August 12, 2013

A Photo Exhibition by Jon Slackman

For the past two weeks my family has been fascinated by a nocturnal visitor we call Lady. Each night she spins her web outside of our kitchen door directly over the glass window pane and each morning she is gone. We've discovered Lady is a Barn spider (Araneus cavaticus) and is the same species as Charlotte from Charlotte's Web, which makes us very happy. She is amazing to watch, swinging from her spidey spokes from one woven glob in the center, then meticulously sewing each strand across the spokes with the precision of an Ultrasonic Singer Sewing Machine. When she's done with the web she looks like she's taking a nice nap at the center of her orb. You would think she'd need one after all that work, but she's actually lying in wait for her dinner. We imagine we're helping by leaving the outside light on to attract the bugs, but she seems to do just fine without us! 

The following images titled "Canopies", are photographs by Jon Slackman taken last fall in our yard probably around the same time Lady was being hatched.























 If you'd like information on purchasing any of the images please contact sammysue222@yahoo.com



July 24, 2013

How to creatively hide the clutter while selling your house

Clutter is a nice word for what it really is.

Between my musician percussionist videographer husband, my 10 year old daughter who plays the cello, the clarinet, and the piano, and me, who has saved a lifetime of artwork, art supplies, and ideas scrawled on the backs of every little thing... there is so much stuff.

The conundrum of showing your house to potential buyers is that there's no where to hide it all. They want to see everything, your closets, cabinets, pantry and storage shed. They even look in your bathtub.

In the two months we've been 'selling' our house I've learned a few tricks. Any place can be a potential hiding place. So far my favorites are:

1)  under the computer desk
2)  behind the bookshelf
3)  in the car
4)  under the bed
5)  inside the hamper

It's no joke. A lovely piece of fabric hanging from a tension rod beneath the desk I'm sitting at nicely hides 3 boxes, a binder, a bag and a large paper cutter. That little space between the bookshelves and the wall perfectly fits two boxes of extra books I have no place for. Under the bed is pretty self explanatory. The car happened to be the perfect location for the


empty plastic bins that I don't need right now but will as soon as someone buys the house. The 100 degree weather this past week has most likely melted some of that pile permanently into the back seat, but, small price to pay. Last but not least, yes, I shoved our clean beach bag and blanket into the hamper the other day after a last minute caller left us little time to get it together.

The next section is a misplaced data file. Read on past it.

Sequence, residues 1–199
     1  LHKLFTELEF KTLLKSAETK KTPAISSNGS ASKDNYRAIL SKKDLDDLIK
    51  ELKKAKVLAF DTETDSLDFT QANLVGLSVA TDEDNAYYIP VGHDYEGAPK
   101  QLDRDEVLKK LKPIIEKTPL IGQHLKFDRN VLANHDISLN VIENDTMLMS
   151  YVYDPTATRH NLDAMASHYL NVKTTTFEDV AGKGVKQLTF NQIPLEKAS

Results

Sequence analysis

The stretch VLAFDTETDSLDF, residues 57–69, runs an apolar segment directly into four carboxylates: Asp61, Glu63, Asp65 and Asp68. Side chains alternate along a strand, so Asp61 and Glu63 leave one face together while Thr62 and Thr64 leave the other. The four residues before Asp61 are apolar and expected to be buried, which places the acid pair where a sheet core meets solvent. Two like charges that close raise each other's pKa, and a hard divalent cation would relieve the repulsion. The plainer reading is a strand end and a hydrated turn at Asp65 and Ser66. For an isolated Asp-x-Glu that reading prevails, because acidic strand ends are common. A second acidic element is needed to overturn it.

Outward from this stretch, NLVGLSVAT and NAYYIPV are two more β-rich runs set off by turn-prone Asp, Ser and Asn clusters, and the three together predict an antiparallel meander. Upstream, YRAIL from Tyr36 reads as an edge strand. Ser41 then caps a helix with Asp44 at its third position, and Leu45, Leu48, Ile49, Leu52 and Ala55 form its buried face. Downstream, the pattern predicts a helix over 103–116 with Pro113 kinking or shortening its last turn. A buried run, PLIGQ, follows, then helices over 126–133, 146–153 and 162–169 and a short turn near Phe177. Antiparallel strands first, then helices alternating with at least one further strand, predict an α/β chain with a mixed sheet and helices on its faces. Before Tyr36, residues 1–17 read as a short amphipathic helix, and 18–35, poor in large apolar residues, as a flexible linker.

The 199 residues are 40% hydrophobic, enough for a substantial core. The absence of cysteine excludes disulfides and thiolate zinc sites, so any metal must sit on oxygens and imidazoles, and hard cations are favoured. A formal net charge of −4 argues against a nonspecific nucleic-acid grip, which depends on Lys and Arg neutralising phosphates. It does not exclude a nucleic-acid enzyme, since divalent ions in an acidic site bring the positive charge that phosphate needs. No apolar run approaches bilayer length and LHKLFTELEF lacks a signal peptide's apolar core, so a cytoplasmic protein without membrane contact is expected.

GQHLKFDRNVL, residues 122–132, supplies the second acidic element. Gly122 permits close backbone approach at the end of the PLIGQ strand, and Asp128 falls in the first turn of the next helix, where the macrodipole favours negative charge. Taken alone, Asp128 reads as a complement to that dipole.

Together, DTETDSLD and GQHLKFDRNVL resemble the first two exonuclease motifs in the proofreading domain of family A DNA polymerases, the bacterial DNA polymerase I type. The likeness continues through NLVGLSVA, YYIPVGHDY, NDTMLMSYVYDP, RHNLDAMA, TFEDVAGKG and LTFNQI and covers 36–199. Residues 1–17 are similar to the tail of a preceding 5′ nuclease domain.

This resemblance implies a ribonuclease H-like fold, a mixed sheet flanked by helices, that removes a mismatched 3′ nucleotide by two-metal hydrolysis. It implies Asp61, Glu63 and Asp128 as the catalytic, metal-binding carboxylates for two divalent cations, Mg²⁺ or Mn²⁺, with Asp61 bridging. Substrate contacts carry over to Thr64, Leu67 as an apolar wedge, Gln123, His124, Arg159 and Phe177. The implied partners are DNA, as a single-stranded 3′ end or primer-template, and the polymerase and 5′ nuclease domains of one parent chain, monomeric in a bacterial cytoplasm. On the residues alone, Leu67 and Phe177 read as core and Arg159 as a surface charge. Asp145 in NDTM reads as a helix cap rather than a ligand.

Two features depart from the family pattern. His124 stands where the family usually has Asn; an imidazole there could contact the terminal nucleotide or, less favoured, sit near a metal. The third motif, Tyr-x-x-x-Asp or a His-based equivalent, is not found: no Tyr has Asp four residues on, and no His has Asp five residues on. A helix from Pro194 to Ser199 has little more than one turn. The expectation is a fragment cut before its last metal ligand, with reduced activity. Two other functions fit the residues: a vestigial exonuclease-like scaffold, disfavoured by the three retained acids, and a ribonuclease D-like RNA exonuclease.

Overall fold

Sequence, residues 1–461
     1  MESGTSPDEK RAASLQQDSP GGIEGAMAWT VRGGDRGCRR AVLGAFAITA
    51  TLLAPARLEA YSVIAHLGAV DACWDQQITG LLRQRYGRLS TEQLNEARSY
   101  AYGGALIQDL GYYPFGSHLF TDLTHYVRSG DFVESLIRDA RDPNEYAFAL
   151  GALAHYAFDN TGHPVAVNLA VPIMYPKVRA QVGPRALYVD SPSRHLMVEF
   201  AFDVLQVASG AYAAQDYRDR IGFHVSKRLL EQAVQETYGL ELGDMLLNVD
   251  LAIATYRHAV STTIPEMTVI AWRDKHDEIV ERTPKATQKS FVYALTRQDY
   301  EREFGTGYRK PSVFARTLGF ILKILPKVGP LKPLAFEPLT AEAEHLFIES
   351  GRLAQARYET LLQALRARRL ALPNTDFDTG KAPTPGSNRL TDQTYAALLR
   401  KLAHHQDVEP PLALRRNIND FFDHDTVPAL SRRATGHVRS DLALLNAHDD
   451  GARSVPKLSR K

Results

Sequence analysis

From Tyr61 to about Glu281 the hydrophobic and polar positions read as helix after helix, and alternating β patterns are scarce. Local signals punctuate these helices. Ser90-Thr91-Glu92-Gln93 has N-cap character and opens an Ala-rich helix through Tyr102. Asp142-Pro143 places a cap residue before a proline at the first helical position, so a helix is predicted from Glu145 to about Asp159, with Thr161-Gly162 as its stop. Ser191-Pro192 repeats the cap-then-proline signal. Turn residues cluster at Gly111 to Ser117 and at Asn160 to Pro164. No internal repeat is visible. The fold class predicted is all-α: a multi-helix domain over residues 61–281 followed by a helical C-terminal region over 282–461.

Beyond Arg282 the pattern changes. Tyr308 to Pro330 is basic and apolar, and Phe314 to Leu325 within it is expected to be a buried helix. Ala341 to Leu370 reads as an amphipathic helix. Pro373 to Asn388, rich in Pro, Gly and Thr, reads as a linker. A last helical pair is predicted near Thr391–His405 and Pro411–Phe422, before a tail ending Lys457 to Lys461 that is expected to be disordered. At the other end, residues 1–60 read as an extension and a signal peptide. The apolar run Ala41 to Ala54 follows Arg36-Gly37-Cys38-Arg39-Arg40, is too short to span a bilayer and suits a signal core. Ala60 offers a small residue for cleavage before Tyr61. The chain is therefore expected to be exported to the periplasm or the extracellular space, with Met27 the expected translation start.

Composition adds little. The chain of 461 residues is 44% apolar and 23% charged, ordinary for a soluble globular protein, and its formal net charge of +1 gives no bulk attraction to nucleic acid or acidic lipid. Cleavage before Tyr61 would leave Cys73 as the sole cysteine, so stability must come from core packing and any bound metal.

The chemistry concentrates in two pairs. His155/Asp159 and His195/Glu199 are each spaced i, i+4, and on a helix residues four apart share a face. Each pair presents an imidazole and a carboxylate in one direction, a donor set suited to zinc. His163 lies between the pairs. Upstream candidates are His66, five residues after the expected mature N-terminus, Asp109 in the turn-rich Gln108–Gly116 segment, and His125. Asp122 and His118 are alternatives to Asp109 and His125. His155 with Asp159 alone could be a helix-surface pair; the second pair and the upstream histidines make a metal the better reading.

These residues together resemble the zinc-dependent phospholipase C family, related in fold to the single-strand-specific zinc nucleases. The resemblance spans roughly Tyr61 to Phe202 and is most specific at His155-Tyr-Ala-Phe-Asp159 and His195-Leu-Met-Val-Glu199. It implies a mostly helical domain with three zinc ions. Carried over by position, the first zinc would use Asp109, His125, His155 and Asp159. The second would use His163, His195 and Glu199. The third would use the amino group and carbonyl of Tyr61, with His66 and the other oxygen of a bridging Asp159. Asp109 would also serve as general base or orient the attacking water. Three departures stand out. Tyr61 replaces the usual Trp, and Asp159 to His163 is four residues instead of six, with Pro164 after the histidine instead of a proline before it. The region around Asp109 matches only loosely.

All this and the so called potential buyer's only comment is that the converted garage still looks too much like a garage. I haven't given up yet. Although we've been throwing stuff out like crazy, for borderline hoarders this could take a while...

Here's an important tip for artists.

If somewhere in the back of your unsuccessful mind you imagined a slew of biographers visiting your grandchildren wanting to see every morsel of art you ever created from kindergarten on, forget it. If you can't bring yourself to throw it out, hire a photographer, or get out your tripod, and photograph every lousy drawing and rolled up painting you have tucked away in every corner of your life, and then Throw It All Out!
The few shots that your biographer is ever going to need or actually use for the book are just not worth taking up all your space for. Nothing you did in college is ever going to resurface. And, as long as you have the photos all is not lost. You can take them out and ponder your artistic journey anytime you like. It's a lot easier than rummaging through 85 scrunched up rolls of unlabeled work from 25 years ago. Trust me, Keep the gems, get rid of the rest.
Just think about how many times you've read, say, a Francis Bacon biography or some other great artist and thought, Damn I'd rather be looking at those ugly paintings he destroyed.

But, I digress. Of the many piles of garbage accumulated in front of my house in the last few weeks, old artwork was just one. Here's some pics of items I photographed before I trashed them back when I was still sentimental... Obviously the bathroom closet was the first to go!